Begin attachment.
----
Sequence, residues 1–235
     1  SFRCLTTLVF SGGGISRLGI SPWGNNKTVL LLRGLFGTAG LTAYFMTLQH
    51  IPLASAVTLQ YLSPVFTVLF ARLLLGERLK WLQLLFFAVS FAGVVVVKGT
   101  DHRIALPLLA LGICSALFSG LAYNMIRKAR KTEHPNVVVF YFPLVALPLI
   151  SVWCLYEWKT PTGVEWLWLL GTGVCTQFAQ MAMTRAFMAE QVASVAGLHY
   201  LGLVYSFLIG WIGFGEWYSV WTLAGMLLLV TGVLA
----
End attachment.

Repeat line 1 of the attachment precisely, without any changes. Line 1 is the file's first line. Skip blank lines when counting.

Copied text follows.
Sequence, residues 1–235